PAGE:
We left Okotoks, AB shortly after noon on Wednesday, the 13th, and drove 106 miles to Tunnel Mountain Trailer Court campground in Banff, AB where we had reservations for four nights. The drive took us through Calgary before turning west to Banff. We arrived around 2:30 pm and had to wait in a long line of RVs waiting to check into the campground. Our site (#217) was a good-sized semi-circular pull-through site. Phil had booked the reservation months earlier, the minute they starting accepting reservations, and couldn’t remember whether or not we had 50 amp service. Unfortunately, we discovered that the campground only has 30 amp service which required us to manage which devices we could run at the same time.
The weather forecast was rather disappointing, with cool and rainy weather predicted for the entire stay. Phil grilled hamburgers for dinner and had to clean and put away the grill immediately afterward due to concerns about bears and coyotes scavenging in the campground.
On Thursday we ventured out to explore downtown Banff. The weather was in the 40s and was raining steadily but we were determined not to let that spoil our visit. We were not the only ones with that idea and had to drive around a while until we were able to find a parking spot along the Bow River. We visited the Banff Visitor Center and then strolled through many of the shops on Banff Avenue.
We returned to our campsite and Phil had to disconnect our water hookups in anticipation of overnight temperatures near freezing. We celebrated Phil’s birthday with his traditional blueberry pie.
After dinner we went for a short hike near our campground. Although we got sprinkled on lightly a few times, the rain held off until we were back home. The clouds that had blocked our view of the mountains all afternoon were mostly gone during our hike. We encountered an elk very close to our trail and then a large herd of elk near our campground.
The weather forecast for Friday called for rain most of the day. Despite this, we decided to drive to Moraine Lake and Lake Louise, about 35 miles north of Banff. On a normal day, parking at these spots is very limited and most visitors must park at an overflow parking area and take a shuttle. In fact, when we first arrived at the turnoff for Moraine Lake, the parking lot was filled and vehicles were being turned away. However, we drove on to find a turnaround spot and, as we returned, we were allowed to enter the road to the lake. Although the parking lot was quite full, we were pleased to find a spot that was both wide enough and long enough to handle our truck.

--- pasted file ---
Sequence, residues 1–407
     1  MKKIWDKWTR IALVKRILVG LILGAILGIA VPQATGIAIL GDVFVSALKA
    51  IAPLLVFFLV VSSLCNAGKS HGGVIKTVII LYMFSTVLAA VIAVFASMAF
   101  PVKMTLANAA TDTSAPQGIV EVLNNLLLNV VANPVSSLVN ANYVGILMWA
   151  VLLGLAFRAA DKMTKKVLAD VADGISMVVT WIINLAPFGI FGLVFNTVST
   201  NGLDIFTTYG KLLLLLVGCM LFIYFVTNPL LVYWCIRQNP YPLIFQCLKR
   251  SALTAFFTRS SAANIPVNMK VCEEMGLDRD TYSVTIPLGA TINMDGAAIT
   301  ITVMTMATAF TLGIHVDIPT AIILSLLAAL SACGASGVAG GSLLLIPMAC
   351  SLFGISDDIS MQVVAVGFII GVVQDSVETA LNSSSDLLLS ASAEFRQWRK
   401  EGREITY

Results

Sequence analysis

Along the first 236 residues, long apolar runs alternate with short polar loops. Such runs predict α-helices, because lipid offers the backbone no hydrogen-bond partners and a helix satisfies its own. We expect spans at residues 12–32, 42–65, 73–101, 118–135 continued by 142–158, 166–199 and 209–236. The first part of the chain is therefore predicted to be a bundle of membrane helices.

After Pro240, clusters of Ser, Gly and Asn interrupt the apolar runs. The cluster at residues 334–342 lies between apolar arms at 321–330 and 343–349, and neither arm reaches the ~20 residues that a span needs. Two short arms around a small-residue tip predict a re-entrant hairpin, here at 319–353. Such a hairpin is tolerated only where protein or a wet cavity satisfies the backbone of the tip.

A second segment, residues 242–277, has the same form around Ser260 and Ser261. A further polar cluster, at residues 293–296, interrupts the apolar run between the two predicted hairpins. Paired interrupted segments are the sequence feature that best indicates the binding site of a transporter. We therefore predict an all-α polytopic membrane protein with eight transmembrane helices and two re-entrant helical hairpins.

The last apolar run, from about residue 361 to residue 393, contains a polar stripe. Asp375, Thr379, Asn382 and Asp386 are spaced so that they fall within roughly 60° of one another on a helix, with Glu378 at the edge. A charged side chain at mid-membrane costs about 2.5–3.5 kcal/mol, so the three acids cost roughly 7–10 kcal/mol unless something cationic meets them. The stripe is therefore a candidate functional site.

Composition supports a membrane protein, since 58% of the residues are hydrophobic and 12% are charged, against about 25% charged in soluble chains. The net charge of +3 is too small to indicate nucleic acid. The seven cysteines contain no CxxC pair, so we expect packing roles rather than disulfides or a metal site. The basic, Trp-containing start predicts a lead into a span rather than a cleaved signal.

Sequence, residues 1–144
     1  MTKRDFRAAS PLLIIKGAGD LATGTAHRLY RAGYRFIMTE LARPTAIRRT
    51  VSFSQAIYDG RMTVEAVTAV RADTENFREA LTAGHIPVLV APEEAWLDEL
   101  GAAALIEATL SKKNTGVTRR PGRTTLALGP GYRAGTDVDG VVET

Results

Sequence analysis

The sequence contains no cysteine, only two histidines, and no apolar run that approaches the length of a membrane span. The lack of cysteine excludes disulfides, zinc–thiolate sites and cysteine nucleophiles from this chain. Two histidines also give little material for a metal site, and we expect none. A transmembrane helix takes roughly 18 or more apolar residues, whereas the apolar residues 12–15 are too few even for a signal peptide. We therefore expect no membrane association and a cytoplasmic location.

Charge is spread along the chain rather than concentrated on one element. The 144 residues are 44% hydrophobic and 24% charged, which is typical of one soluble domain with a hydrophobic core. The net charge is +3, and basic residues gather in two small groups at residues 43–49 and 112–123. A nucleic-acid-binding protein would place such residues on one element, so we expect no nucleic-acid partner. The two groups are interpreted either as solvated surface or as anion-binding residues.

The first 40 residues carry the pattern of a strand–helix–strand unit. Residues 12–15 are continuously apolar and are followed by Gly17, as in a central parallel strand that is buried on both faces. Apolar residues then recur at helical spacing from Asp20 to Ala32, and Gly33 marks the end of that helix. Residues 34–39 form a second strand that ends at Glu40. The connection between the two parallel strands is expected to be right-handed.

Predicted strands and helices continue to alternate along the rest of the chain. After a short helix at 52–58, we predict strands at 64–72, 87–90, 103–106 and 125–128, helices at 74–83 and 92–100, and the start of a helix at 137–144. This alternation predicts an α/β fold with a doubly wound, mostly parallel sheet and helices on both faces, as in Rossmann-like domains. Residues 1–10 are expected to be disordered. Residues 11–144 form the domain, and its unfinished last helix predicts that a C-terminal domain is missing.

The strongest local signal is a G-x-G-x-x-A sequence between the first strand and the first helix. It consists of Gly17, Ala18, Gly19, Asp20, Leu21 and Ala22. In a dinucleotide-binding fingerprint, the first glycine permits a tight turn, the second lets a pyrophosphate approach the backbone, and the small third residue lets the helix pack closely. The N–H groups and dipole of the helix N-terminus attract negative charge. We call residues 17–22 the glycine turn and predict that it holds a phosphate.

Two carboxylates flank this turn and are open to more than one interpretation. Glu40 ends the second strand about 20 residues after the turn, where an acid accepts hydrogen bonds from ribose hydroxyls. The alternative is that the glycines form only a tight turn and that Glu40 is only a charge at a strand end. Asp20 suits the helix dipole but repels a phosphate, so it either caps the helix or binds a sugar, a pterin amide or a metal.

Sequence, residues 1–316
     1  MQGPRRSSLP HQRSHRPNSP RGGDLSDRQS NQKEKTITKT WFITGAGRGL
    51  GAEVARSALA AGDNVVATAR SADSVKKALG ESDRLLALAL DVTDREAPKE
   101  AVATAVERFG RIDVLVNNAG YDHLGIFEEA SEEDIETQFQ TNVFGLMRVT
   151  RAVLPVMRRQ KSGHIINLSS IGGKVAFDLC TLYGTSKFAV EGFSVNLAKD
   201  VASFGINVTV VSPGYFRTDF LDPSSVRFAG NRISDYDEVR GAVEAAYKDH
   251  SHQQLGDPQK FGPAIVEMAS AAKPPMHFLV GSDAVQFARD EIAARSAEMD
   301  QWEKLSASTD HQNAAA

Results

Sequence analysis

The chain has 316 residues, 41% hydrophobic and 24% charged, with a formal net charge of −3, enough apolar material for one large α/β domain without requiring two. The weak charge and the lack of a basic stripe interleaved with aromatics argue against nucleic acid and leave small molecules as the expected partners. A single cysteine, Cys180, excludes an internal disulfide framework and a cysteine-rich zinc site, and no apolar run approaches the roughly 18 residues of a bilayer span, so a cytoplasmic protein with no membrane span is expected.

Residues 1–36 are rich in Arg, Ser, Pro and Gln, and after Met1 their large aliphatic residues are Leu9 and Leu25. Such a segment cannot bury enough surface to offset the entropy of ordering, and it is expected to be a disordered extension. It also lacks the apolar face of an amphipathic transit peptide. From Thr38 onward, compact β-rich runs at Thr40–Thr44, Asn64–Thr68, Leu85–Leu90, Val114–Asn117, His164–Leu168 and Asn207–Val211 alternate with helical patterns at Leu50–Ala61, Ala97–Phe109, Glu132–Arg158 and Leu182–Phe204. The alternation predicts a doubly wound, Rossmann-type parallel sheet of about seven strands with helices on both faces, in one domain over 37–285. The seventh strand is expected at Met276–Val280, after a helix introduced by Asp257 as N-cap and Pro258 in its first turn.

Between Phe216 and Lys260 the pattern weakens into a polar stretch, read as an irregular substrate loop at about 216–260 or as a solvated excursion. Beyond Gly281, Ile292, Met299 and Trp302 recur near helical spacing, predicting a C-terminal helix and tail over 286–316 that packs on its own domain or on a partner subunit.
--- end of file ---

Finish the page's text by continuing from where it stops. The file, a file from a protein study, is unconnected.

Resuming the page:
We walked along the lake and, despite getting some light sprinkles on us, managed to stay fairly dry. The scenery was beautiful. We were tempted to rent a canoe but the possibility of being on the lake in a rainstorm caused us to pass on that idea.
We next went to the Lake Louise Visitors Center and had some lunch at one of the cafes. Then we headed to Lake Louise where, once again, parking was limited but we managed to find a spot. We strolled past the famous Chateau Lake Louise and along the bank of the lake. Like Moraine Lake, the reflections from the mountains on the lake were truly magnificent. We encountered a large group of people gathered along the trail and learned that there was a mama grizzly and two cubs a short distance away. Jan took advantage of the opportunity to use her telephoto camera lens to get some great pictures before the grizzlies scampered away.
We managed to make it back to our truck before the rain started and the rain continued for much of our drive back to Banff. We were really blessed with much nicer weather than forecast for our sightseeing. We were very glad that we had ignored the forecast and had visited the lakes.
On Saturday we went exploring a couple of the nearby lakes. First we stopped at Lake Two Jack and then continued on to Lake Minnewanka.
We then intended to drive up Tunnel Mountain Road to Surprise Corner where we could get an overview of the Fairmont Banff Springs hotel. We didn’t have an address; we just knew that there was a small parking area across the road from the overlook. When we came to a parking area and saw some people crossing the road, we assumed we were at Surprise Corner. It turned out we were actually at the bottom of Tunnel Mountain Trail, a moderately steep one-mile climb to the summit of Tunnel Mountain. There were very many switchbacks along the trail and the altitude gave us quite a challenge. Regardless, we made it to the summit and enjoyed the view. The hike back down was a lot easier. After getting back in the truck, we continued down the road until we came to the real Surprise Corner. After viewing the hotel from the overlook, we started down the trail to the Bow River Falls but, after our hike up the Tunnel Mountain Trail, we didn’t have the energy to walk all the way down to the falls and back.